Teen to Terrorist: Adnan Farah’s Transformation

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Abdi Farah often warned his two oldest sons, Adnan and Mohamed, to stay away from terrorist propaganda.

READ Part I: Teen from Two Worlds

“We used to have meetings in the house, and I told them, ‘I know you are teenagers. You have friends, and some of your friends go to Somalia for al-Shabab, ISIS, but this is not our religion. This is wrong,’” Abdi Farah said.

But the Farah brothers ignored their father’s advice.

See extensive coverage of our Teen to Terrorist series here.

“I would hear political arguments,” 20-year-old Adnan Farah said. “I would see it on the news as well.”

Adnan and Mohamed Farah also saw an al-Shabab recruiting video. The terrorist organization used videos to lure Minnesota teenagers to join al-Shabab between 2007 and 2012. Some of those Minnesota fighters are seen in current al-Shabab videos.

READ: Terrorist Recruitment Video Features Minnesota Men, Donald Trump

The al-Shabab video hooked the Farah brothers.

"In their videos…they are inspirational…when they talk about building the same trenches the prophet built," Farah said. "It really tugged at my heart."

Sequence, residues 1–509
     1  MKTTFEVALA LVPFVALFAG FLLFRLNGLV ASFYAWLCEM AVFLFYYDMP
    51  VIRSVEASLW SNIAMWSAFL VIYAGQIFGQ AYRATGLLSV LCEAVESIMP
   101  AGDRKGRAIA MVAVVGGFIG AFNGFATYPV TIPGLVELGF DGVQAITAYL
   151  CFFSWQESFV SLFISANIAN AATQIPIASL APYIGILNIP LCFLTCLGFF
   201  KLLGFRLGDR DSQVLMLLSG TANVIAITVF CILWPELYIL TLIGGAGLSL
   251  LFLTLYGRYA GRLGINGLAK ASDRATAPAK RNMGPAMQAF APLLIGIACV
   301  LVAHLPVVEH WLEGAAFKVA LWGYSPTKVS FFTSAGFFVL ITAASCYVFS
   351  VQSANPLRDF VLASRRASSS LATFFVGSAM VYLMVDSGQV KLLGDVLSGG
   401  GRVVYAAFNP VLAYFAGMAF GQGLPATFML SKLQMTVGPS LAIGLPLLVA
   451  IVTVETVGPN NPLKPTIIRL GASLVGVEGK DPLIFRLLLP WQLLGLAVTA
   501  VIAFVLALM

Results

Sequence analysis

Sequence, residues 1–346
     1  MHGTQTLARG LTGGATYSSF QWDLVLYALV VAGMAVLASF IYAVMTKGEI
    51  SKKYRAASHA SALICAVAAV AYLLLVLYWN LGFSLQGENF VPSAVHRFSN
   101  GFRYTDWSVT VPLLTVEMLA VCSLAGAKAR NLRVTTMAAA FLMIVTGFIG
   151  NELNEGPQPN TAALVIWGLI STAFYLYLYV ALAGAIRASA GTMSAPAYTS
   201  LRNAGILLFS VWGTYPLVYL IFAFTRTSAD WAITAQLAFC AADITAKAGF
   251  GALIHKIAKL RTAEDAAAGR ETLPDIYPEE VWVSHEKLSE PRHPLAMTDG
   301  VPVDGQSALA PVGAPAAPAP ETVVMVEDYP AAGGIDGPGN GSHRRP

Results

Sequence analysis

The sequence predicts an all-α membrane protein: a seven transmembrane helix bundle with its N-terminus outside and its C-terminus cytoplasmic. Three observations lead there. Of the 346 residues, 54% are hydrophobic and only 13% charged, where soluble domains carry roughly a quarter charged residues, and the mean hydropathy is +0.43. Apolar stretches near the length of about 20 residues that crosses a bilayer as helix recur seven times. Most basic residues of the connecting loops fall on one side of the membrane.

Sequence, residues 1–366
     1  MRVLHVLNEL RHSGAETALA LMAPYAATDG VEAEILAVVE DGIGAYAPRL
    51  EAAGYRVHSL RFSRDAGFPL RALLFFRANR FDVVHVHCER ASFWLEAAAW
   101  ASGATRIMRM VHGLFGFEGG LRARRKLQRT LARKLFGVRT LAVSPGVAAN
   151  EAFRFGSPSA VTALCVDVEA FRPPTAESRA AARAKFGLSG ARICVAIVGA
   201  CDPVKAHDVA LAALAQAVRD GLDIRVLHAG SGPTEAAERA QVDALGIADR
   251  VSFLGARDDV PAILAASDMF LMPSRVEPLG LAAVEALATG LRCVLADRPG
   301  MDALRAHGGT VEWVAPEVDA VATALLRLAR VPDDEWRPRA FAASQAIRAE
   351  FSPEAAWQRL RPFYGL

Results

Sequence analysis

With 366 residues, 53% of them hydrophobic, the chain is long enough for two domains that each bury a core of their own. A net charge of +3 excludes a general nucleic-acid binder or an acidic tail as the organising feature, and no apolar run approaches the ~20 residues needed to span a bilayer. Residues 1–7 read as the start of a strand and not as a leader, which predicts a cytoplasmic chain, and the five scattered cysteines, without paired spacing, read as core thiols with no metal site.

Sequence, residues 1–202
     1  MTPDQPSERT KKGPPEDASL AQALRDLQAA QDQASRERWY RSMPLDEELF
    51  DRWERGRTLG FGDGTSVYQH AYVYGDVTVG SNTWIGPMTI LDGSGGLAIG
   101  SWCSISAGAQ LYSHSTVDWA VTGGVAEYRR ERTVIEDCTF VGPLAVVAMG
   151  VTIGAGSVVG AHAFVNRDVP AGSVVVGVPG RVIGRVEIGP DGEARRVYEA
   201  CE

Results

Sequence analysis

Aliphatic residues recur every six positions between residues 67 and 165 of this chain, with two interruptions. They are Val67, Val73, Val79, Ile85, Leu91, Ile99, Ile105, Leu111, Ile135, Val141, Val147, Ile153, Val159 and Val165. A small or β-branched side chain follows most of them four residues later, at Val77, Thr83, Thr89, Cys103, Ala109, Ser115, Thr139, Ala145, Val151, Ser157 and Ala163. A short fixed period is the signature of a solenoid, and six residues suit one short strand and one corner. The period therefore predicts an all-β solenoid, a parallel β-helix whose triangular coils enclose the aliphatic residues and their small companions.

When asked who he believed ISIS was, Adnan Farah said he “didn’t really look into their agenda at the time.”

“I just thought they were Freedom Fighters,” he said. “We went to Twitter and followed some of the fighters.”

Adnan Farah posted pictures of a top al-Qaeda radical cleric, Anwar al-Awlaki, on his Facebook page, and he and his friends started watching recruiting videos on their phones.

READ: Portions of ISIS Propaganda Videos Shown in Court

“They start out by saying, ‘It’s OK; you are lost for identity.’ Then they help you find an identity, which is their identity,” Adnan Farah said. “They make you go through stages of bettering your worship, becoming a better Muslim, praying. Slowly but surely, you see yourself dedicated to Islam as a whole. You see yourself leaving school out, not caring about work.”

Adnan Farah was an 11th-grader at South High School in Minneapolis. He would usually wear jeans and a T-shirt, but in 2014 he started wearing Islamic clothing to school.

“I [saw] a big difference in me,” Adnan Farah said. “I wasn’t sociable no more. I stopped talking to my female friends. I became strange.”

Adnan and Mohamed Farah and their friends talked about joining ISIS while on the basketball court near Van Cleve Park as well as in the restaurant at Karmel Mall in Minneapolis.

“(The videos) go into the ultimate sacrifice of leaving your livelihood and going into darkness, me leaving my house and my family and going somewhere I know nothing about,” Adnan Farah said.

Adnan Farah says he and his friends believed they could save their parents from hell if they sacrificed their lives for God.

READ: 2nd Week of Minn. Terror Trial Ends with Recordings about Ideology, America

“We would argue about the burnings and beheadings and ask, ‘Is this Islamically right?’” Adnan Farah said. “It wasn’t Islamically right. I was so gone into their propaganda that I believed it was right.”